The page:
33. Inventory tracking
Inventory management can be time-consuming–especially if you sell online and in-person using two separate systems. If your two systems don’t speak to one another, you may have to manually count and reconcile inventory at the end of each day to ensure your quantities reflect what you actually have in stock.
With Shopify POS, inventory levels automatically adjust as you transfer stock between stores or you process sales, returns, or exchanges online or at any of your stores.
34. Inventory status
Your POS system should come with inventory states to help track and share the status of your inventory as products are received, transferred, or an order is fulfilled. This keeps your teams on the same page and ensures your inventory data is accurate and reliable.
35. Store transfers
If you have more than one location, chances are you’ve had to transfer stock from one store to another. When that happens, you want your POS system to help you request transfers from other locations, keep track of what’s been received, and what’s leaving.
While this is useful for merchants with more than one store, it's also handy if you have one store and a warehouse. If ever your store runs out of stock, you can transfer inventory from your warehouse to your store before you run out.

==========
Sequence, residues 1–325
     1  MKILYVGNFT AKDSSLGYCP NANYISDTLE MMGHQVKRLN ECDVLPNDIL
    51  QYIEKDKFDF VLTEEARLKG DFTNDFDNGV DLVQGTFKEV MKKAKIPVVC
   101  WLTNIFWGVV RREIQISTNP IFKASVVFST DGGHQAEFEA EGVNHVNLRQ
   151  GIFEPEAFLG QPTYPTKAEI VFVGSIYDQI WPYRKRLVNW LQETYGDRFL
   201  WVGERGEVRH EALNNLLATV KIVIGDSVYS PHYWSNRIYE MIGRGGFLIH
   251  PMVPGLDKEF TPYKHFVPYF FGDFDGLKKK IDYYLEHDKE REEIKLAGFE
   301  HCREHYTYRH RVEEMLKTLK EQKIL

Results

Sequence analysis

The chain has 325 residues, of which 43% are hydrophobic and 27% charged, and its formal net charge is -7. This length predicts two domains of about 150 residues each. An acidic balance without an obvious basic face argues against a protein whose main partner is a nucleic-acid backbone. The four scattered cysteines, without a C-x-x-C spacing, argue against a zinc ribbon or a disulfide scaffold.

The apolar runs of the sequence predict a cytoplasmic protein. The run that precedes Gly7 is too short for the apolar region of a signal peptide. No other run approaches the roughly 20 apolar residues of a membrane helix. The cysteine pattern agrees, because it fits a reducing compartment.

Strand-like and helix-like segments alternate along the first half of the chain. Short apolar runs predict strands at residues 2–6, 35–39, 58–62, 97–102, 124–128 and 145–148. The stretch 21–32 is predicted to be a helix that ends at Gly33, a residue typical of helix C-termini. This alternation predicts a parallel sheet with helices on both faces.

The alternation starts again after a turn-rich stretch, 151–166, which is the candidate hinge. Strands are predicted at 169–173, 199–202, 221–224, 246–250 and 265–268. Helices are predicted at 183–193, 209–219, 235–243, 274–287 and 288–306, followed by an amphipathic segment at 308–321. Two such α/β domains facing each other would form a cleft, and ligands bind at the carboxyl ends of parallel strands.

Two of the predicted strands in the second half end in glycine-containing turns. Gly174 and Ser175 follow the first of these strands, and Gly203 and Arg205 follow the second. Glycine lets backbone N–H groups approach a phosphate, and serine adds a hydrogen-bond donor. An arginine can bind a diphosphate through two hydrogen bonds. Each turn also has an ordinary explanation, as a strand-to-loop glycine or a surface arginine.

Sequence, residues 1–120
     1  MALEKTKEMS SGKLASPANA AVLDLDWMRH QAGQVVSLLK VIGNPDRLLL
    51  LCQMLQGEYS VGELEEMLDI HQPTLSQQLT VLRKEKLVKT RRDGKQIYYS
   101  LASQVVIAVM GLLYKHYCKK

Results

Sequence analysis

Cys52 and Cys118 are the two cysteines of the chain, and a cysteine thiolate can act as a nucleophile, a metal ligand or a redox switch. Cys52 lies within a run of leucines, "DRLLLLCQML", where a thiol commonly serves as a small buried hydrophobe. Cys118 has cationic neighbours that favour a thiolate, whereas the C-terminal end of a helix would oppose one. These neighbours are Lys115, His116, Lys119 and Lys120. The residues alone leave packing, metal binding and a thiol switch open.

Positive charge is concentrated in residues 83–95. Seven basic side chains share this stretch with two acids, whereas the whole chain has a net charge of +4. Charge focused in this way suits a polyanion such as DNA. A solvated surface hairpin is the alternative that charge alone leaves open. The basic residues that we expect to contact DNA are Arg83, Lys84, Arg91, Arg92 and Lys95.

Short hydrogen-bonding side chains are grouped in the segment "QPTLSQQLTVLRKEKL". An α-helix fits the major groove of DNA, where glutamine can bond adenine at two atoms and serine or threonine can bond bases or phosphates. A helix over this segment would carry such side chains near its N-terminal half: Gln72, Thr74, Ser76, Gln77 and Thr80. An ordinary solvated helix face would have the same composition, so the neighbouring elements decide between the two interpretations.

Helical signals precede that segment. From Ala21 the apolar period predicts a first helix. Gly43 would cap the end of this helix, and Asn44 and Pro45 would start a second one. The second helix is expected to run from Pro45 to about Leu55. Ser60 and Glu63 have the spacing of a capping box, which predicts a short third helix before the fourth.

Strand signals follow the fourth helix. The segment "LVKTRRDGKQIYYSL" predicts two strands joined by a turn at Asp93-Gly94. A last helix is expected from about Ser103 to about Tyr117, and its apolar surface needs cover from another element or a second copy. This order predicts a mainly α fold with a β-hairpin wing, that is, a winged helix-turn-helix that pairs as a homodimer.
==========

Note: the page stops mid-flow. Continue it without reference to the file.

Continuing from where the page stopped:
💡 PRO TIP: What do you do if a customer wants to buy a product you don't have in stock? Use Shopify POS’ buy in-store, ship-to-customer feature to complete transactions in store, ship orders to shoppers from your warehouse, and give your store credit for making the sale.
Barcodes are essential for most retail stores. You want your POS system to have the ability to assign existing barcodes to products or create new ones to keep track of inventory and speed up checkout.
37. Unlimited products and SKUs
You don't want the number of products you sell to be limited by your POS system. Ensure the point-of-sale system you choose lets you add as many products and stock keeping units (SKUs) to your catalog as you want. While you might not need that now, you may need it in the future.
38. Product collections and variants
Whether you have a few dozen or thousand products, keeping your product catalog organized is essential. When items are properly organized, they’re easier to find, sell, and keep track of.
Shopify’s product collections let you categorize products by type, season, promotional category, and more. You can also use smart collections to sort products based on their vendor, price, or inventory quantities.
If you sell products with multiple variations–different colors of the same t-shirt, for example–ensure your POS system lets you assign variants to products without any complicated workarounds. With Shopify POS, you can add multiple variations to products such as size, color, the material they’re made of, and more.
Collections and variants make it easier for you to manage your product catalog and give you the flexibility to organize your products however makes sense for your business.